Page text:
Tutorial  

Recording with Smartphones and Tablets

This tutorial will introduce users to the steps necessary when recording audio as part of an interview with your smartphone or tablet. While the tutorial will cover a broad range of techniques and methods it may be possible that your specific phone or device is not covered in full.

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While using your smartphone or tablet to record audio, don’t forget it’s a multifunction device. Phone calls, notifications, texts, instant messaging, updates, games, everything can intrude upon an interview and even ruin the audio. In most cases audio artifacts from recorded notifications can’t be removed from the recording using audio software. Ensure to do the following:

  • Turn off all notifications on your tablet or phone.
  • Put the phone on airplane mode.
  • Turn off wifi internet on your tablet and phone.

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Storage Space: Mobile devices don’t have very much storage space compared to professional digital recorders with large memory cards. Be aware of how many Gigabytes of storage you have free and clear all unnecessary items off your device. Once you’ve transferred and made copies of your recordings you can clear the original copy off your device. It is unlikely your mobile device will have enough available memory to record multiple high quality recordings.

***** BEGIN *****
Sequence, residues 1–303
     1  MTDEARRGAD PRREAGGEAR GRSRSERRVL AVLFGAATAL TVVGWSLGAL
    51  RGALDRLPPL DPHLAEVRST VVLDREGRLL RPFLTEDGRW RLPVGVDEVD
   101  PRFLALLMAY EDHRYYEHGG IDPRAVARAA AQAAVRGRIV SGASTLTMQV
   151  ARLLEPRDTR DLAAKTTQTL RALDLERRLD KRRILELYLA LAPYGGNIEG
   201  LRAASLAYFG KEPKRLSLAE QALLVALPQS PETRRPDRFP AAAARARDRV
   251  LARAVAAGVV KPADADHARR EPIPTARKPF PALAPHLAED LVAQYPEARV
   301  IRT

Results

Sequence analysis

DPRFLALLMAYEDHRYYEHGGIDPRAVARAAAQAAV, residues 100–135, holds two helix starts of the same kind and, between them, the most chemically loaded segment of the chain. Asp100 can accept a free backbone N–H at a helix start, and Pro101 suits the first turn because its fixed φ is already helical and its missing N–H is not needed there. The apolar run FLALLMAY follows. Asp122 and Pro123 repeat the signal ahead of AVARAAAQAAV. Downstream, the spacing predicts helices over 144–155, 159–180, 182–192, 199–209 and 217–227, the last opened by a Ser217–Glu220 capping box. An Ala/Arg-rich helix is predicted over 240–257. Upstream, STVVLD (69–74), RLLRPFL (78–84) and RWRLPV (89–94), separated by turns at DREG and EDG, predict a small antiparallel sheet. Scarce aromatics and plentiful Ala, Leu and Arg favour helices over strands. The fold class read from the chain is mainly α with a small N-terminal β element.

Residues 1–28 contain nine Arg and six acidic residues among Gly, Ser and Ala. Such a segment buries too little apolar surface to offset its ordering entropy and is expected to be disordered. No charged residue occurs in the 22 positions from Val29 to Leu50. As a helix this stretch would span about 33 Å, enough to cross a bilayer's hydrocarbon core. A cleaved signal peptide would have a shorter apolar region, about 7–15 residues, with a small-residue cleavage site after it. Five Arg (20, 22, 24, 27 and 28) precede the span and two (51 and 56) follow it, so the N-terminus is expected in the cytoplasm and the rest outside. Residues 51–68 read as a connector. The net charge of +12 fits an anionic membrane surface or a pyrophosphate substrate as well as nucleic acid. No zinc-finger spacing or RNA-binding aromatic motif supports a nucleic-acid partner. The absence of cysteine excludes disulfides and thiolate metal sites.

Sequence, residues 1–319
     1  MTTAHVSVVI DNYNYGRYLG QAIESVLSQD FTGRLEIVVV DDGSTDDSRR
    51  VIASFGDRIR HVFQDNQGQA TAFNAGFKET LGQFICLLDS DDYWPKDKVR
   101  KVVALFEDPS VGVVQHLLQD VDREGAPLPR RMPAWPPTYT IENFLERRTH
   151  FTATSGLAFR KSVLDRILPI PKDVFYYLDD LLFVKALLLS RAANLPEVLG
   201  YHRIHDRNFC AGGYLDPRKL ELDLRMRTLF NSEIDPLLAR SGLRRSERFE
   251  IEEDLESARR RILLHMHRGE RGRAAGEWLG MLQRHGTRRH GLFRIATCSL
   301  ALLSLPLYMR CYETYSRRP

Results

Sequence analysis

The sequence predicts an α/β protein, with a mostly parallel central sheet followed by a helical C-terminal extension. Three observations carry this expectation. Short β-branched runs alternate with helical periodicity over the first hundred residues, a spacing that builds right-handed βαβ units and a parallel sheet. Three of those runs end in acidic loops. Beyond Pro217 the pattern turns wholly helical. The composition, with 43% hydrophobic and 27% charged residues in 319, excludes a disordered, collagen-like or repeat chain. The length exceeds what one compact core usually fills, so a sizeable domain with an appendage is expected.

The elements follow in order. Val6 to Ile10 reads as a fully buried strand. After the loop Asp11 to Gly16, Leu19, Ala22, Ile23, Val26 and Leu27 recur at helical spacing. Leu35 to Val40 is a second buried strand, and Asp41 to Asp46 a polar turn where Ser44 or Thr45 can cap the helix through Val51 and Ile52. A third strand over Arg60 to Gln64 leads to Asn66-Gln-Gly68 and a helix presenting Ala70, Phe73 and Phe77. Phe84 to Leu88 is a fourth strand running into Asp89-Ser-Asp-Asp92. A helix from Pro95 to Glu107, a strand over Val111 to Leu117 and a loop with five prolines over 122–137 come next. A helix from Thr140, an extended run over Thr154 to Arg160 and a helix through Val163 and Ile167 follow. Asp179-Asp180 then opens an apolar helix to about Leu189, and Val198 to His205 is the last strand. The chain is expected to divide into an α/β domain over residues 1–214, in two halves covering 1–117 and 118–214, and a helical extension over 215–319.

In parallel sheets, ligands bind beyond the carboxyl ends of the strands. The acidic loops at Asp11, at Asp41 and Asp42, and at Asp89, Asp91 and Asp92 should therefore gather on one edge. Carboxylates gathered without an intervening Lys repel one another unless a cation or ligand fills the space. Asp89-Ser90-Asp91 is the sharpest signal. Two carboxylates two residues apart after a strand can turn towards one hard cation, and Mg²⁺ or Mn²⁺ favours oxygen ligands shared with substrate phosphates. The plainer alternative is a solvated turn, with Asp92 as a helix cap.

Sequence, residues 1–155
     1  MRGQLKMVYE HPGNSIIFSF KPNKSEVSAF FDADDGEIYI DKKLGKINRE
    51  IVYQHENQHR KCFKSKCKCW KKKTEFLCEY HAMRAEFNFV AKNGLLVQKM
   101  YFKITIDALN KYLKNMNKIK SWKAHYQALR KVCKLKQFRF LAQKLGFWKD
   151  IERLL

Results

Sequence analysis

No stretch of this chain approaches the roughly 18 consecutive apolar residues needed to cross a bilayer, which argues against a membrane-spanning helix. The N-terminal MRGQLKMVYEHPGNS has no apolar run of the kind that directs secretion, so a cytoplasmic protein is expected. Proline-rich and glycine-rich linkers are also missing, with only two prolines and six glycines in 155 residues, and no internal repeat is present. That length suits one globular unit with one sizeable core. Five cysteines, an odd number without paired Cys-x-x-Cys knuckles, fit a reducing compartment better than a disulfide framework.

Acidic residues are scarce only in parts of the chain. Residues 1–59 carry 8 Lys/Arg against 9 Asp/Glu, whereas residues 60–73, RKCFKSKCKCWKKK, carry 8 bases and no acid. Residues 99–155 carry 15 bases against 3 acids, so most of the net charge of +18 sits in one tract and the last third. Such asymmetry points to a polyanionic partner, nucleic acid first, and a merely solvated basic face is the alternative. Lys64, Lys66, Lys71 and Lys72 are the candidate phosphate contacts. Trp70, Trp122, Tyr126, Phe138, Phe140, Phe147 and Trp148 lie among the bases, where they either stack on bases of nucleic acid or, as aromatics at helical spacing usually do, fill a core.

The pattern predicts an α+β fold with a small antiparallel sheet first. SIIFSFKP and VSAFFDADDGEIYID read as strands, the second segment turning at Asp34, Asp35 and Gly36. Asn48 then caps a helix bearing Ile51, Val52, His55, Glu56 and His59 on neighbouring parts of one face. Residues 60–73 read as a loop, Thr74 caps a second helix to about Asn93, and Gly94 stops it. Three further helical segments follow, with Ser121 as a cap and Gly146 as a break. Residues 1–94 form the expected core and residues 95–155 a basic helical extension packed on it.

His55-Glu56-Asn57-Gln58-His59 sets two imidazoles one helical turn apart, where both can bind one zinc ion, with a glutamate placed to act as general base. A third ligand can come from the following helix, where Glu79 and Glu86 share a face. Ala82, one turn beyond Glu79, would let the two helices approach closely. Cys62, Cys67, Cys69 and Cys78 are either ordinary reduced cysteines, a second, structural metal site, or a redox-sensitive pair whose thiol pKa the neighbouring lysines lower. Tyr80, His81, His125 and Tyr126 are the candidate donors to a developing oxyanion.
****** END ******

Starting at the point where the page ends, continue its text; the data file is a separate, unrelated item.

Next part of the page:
Battery life: Another concern is battery life. Often smart phones and tablets have a short battery life. Make sure the device that you’re using is plugged into a power source during the recording.

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There are many recording apps available for tablets and smart phones. Take time to research, download and purchase the best quality app.  Some suggested recording apps are:

It’s important to note that these apps are constantly changing names and brands. Make sure that you keep up with updates to app software.

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Here is a list of features you want the recording app to have:

  • Adjustable Audio quality with a minimum recording sample rate of 44100 and bit rate of 16.
  • Adjustable formatting where the app can either record or export in WAV format.
  • Adjustable input level and processing control